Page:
ENFJ are extroverted, idealistic and charismatic; they tend to live in their imagination rather than in the real world. In this book you will find seven short stories specially selected to please the tastes of the ENFJ. These are stories by renowned authors that will surely bring reflections, insights and fun to people with this kind of personality. This book contains: - A Chameleon by Anton Chekhov. - The Ambitious Guest by Nathaniel Hawthorne. - The Country of the Blind by H. G. Wells. - The Phantom Coach by Amelia B. Edwards. - The Princess and the Puma by O. Henry. - Three Questions by Leo Tolstoy. - Paul's Case by Willa Cather. For more books that will suit you, be sure to check out our Two Classic Novels your Myers-Briggs Type Will Love collection! *** Cover image: Johann Wolfgang von Goethe was a German writer, statesman and ENFJ.
About the Author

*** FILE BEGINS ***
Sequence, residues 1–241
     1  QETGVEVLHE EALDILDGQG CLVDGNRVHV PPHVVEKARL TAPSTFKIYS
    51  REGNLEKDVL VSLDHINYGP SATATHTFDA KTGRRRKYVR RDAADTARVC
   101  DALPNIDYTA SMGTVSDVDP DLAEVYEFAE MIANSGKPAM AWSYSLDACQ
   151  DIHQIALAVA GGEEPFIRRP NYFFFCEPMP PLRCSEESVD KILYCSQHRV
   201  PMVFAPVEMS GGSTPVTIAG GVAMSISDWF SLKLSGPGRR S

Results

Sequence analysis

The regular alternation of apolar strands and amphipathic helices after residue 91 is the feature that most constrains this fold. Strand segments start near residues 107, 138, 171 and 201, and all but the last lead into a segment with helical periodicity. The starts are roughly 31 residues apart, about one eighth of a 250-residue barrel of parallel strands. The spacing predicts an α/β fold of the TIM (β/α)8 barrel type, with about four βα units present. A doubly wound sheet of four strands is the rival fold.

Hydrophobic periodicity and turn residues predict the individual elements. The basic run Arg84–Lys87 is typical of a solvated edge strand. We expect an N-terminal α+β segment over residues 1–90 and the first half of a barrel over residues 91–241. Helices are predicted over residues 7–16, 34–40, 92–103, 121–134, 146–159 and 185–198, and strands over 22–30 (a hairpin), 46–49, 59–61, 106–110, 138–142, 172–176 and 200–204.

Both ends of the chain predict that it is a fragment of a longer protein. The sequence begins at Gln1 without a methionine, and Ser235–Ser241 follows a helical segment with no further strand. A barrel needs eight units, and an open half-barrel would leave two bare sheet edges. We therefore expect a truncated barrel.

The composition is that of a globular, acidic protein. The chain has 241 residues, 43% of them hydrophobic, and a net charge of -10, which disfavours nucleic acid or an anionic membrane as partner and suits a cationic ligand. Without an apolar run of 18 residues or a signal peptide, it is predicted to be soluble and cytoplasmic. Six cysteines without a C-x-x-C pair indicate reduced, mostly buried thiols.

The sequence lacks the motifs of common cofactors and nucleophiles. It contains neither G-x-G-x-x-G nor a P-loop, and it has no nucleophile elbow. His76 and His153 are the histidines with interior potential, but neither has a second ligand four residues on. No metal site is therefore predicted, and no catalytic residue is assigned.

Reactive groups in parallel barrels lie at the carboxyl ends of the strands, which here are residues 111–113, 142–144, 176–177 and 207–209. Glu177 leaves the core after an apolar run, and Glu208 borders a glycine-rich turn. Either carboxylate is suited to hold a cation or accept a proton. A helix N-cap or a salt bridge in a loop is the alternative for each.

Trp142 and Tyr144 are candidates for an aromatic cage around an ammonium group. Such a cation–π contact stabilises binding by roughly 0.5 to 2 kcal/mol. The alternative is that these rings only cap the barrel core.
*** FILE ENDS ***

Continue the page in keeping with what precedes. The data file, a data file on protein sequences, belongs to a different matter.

Anton Pavlovich Chekhov was a Russian playwright and short-story writer, who is considered to be among the greatest writers of short fiction in history. His career as a playwright produced four classics, and his best short stories are held in high esteem by writers and critics. Along with Henrik Ibsen and August Strindberg, Chekhov is often referred to as one of the three seminal figures in the birth of early modernism in the theatre. Chekhov practiced as a medical doctor throughout most of his literary career: "Medicine is my lawful wife", he once said, "and literature is my mistress." Nathaniel Hawthorne was an American novelist, dark romantic, and short story writer. Much of Hawthorne's writing centers on New England, many works featuring moral metaphors with an anti-Puritan inspiration. His fiction works are considered part of the Romantic movement and, more specifically, dark romanticism. His themes often center on the inherent evil and sin of humanity, and his works often have moral messages and deep psychological complexity. His published works include novels, short stories, and a biography of his college friend Franklin Pierce, the 14th President of the United States. Herbert George Wells was an English writer. He was prolific in many genres, writing dozens of novels, short stories, and works of social commentary, history, satire, biography, and autobiography, and even including two books on recreational war games. He is now best remembered for his science fiction novels and is often called the "father of science fiction", along with Jules Verne and Hugo Gernsback. During his own lifetime, however, he was most prominent as a forward-looking, even prophetic social critic who devoted his literary talents to the development of a progressive vision on a global scale. A futurist, he wrote a number of utopian works and foresaw the advent of aircraft, tanks, space travel, nuclear weapons, satellite television and something resembling the World Wide Web. Wells was nominated for the Nobel Prize in Literature four times. Amelia Ann Blanford Edwards, also known as Amelia B. Edwards, was an English novelist, journalist, traveller and Egyptologist. William Sydney Porter, better known by his pen name O. Henry, was an American short story writer. O. Henry's stories frequently have surprise endings. In his day he was called the American answer to Guy de Maupassant. While both authors wrote plot twist endings, O. Henry's stories were considerably more playful, and are also known for their witty narration. Most of O. Henry's stories are set in his own time, the early 20th century. Many take place in New York City and deal for the most part with ordinary people: policemen, waitresses, etc. Count Lev Nikolayevich Tolstoy, usually referred to in English as Leo Tolstoy, was a Russian writer who is regarded as one of the greatest authors of all time. He received multiple nominations for Nobel Prize in Literature every year from 1902 to 1906, and nominations for Nobel Peace Prize in 1901, 1902 and 1910, and his miss of the prize is a major Nobel prize controversy. Willa Sibert Cather was an American writer who achieved recognition for her novels of frontier life on the Great Plains. Cather graduated from the University of Nebraska–Lincoln. She lived and worked in Pittsburgh for ten years, supporting herself as a magazine editor and high school English teacher. At the age of 33 she moved to New York City, her primary home for the rest of her life, though she also traveled widely and spent considerable time at her summer residence on Grand Manan Island, New Brunswick.